River Fable
by Daniel Pravda

Along the shoreline strewn with the ruins of a school:
cement blocks, bergs of mortar and brick, and rusty pipe daggers,
the human heron pecks for pieces of seaglass.

No Trespassing, it says along the edge of the road broken
by the tide and falling stone by stone into the invisibility of time.
The human heron pours water down its beak.

The scene seems bleak to the mice of the moment,
a school bulldozed and a beach buried by trash and debris.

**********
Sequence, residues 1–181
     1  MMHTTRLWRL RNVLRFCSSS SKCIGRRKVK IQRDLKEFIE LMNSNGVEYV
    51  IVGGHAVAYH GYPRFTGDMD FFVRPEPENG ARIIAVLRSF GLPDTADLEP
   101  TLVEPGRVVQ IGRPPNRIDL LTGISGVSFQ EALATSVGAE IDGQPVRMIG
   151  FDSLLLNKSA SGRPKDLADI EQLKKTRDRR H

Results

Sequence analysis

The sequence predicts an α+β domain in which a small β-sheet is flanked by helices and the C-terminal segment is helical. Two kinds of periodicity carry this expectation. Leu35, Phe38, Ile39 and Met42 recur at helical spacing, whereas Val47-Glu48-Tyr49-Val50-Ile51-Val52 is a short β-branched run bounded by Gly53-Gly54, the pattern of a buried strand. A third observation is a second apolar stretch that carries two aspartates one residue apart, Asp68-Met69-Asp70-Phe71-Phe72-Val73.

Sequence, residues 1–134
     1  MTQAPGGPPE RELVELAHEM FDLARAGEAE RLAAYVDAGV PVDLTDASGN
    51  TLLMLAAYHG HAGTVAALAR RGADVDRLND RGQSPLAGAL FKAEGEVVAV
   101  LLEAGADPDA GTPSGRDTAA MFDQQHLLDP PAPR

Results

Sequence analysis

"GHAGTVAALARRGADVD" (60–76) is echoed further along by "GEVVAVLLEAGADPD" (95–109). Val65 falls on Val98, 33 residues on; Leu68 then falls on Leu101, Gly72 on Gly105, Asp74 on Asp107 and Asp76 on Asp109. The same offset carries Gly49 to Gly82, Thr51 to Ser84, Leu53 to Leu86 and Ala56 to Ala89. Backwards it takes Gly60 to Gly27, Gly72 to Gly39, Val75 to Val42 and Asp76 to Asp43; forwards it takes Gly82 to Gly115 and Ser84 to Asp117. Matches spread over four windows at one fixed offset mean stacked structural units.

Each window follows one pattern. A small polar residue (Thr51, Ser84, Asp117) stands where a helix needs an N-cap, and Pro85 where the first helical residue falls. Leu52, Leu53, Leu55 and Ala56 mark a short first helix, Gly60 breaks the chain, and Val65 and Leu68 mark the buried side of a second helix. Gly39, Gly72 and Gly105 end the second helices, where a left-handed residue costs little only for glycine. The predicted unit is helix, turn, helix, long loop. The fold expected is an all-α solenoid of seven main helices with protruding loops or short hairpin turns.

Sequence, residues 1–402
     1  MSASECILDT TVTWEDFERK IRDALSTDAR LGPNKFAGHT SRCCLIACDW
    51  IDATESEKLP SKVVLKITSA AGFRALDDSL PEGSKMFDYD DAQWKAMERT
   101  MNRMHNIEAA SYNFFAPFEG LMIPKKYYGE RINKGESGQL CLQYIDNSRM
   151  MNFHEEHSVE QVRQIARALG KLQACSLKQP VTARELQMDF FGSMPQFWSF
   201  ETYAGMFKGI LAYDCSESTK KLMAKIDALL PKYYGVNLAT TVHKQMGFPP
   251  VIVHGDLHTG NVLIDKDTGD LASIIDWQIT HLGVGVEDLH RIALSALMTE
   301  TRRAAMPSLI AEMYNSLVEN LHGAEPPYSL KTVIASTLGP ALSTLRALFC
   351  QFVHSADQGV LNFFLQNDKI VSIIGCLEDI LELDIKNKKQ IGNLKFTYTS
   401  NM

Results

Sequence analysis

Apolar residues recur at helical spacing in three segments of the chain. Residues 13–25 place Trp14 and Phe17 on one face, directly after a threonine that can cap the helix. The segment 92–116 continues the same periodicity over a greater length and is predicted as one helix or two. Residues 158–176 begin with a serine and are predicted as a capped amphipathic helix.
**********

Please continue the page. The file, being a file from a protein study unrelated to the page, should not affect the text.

Turkey vultures circling high above see

the value of vampires and the price of the inevitable.
The human heron fishes a perfect jewel from a crack in the galaxy.
Discrete and incomplete, the human heron rests, takes a breath.

An owl teaches a dragonfly a final lesson in the air. The heron
resumes working west, as high tide climbs toward the road again.

 

About the Poet: Daniel Pravda is a teacher, explorer and wannabe rockstar whose work has recently appeared in Aji, Apricity, Cedar Creek Review, Dead Mule, Hamilton Stone Review, Jazz Cigarette, Light, The Meadow, Oyster River Pages, and Poetry Quarterly. He teaches English at Tidewater Community College in Chesapeake, VA and, when possible, searches for humanless beaches.

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